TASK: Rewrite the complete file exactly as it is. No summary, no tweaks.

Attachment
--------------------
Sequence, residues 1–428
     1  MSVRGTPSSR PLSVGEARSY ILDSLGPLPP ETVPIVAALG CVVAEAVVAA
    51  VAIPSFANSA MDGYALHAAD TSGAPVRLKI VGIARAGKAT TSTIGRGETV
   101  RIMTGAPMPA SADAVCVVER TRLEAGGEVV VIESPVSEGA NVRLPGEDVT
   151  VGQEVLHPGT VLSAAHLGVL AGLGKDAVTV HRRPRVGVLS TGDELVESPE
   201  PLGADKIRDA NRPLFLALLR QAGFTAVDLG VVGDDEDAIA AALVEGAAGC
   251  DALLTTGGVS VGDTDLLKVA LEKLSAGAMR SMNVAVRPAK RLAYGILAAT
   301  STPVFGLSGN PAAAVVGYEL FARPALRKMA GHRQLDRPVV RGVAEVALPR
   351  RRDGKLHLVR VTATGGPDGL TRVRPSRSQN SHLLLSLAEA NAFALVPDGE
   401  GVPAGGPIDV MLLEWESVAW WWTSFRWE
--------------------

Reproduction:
Sequence, residues 1–428
     1  MSVRGTPSSR PLSVGEARSY ILDSLGPLPP ETVPIVAALG CVVAEAVVAA
    51  VAIPSFANSA MDGYALHAAD TSGAPVRLKI VGIARAGKAT TSTIGRGETV
   101  RIMTGAPMPA SADAVCVVER TRLEAGGEVV VIESPVSEGA NVRLPGEDVT
   151  VGQEVLHPGT VLSAAHLGVL AGLGKDAVTV HRRPRVGVLS TGDELVESPE
   201  PLGADKIRDA NRPLFLALLR QAGFTAVDLG VVGDDEDAIA AALVEGAAGC
   251  DALLTTGGVS VGDTDLLKVA LEKLSAGAMR SMNVAVRPAK RLAYGILAAT
   301  STPVFGLSGN PAAAVVGYEL FARPALRKMA GHRQLDRPVV RGVAEVALPR
   351  RRDGKLHLVR VTATGGPDGL TRVRPSRSQN SHLLLSLAEA NAFALVPDGE
   401  GVPAGGPIDV MLLEWESVAW WWTSFRWE